Kings of Mari controlled an important trade route in the valley of the Euphrates River in the 3rd and early 2nd millennium BCE. Although their country was situated in an area with unfavourable conditions for agriculture, the economy of the kingdom of Mari could support a big population. The key to understanding this paradox is animal dung.
The kingdom of Mari was the most powerful country of north Mesopotamia in the 3rd and early 2nd millennium BC. Its power is reflected both by the size of its capital (modern archaeological site of Tell Hariri), which occupied an area of more than 60 hectares – more than Cracow in the 13th century – and by the fact that six of its rulers were included in the Sumerian King List, that is a record of the dynasties that were regarded as those holding superior power in Sumer. The dynasty from Mari was the only dynasty from north Mesopotamia on this list.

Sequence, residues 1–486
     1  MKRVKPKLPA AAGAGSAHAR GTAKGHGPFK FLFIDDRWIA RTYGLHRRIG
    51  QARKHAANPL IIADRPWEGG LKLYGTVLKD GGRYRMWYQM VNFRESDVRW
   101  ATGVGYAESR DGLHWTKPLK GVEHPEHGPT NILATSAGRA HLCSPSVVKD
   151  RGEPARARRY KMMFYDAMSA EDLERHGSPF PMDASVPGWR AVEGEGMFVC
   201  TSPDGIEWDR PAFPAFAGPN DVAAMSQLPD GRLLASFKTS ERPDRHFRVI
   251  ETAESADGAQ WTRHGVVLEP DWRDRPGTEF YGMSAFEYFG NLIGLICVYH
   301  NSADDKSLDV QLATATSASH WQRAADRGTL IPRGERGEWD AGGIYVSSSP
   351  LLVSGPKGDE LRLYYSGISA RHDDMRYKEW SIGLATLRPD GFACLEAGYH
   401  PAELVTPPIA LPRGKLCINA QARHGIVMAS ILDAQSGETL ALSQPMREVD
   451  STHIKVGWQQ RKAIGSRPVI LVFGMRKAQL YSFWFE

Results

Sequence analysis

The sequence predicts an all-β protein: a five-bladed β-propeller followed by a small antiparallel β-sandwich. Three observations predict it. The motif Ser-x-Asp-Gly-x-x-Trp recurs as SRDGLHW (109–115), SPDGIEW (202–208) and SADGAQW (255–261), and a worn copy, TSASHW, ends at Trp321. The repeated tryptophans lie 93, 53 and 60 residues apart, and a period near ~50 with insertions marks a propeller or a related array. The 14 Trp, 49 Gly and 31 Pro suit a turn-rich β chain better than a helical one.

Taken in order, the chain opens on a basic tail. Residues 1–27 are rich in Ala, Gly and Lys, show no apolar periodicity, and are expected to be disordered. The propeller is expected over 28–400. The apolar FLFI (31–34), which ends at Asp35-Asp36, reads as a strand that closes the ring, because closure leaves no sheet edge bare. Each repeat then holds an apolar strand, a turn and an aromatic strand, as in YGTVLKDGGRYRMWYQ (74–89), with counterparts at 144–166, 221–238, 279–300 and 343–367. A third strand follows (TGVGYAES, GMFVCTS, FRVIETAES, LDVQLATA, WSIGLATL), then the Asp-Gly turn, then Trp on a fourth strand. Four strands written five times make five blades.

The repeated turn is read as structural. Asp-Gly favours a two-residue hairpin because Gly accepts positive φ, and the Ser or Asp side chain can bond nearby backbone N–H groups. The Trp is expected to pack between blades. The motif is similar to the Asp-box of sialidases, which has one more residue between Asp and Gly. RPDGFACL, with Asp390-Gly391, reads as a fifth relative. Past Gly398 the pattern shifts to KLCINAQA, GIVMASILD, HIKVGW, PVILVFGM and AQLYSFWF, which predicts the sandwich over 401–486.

The source of Mari’s power was its location on a very important trade route situated along the Euphrates River, communicating south Mesopotamia with Anatolia, which had various resources. The area of Sumer lacked good quality wood, quarries and ores – all that had to be imported from the north and shipped along the river, and those who controlled a significant part of the course of the Euphrates River could earn a fortune as intermediaries of the trade. Kings of Mari took advantage of this situation for more than a millennium, until the last of them, Zimri-Lim, was defeated by Hammurabi of Babylon in 1761 BCE. Hammurabi wanted to take over the control of the trade route, so he had the city demolished and it was never rebuilt. In this way, the kingdom of Mari ceased to exist.
Economy in the state of Mari